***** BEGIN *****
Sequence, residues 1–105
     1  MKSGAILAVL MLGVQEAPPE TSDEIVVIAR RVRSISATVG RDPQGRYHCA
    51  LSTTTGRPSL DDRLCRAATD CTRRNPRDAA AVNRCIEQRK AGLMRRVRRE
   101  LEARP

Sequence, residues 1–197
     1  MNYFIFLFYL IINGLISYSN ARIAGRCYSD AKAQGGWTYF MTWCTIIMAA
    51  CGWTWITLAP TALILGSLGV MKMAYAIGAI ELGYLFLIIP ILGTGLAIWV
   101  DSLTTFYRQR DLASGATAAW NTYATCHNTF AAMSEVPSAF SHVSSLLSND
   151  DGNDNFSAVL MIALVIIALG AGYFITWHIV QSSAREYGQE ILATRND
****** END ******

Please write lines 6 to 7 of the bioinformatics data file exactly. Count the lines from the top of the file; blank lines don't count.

     1  MNYFIFLFYL IINGLISYSN ARIAGRCYSD AKAQGGWTYF MTWCTIIMAA
    51  CGWTWITLAP TALILGSLGV MKMAYAIGAI ELGYLFLIIP ILGTGLAIWV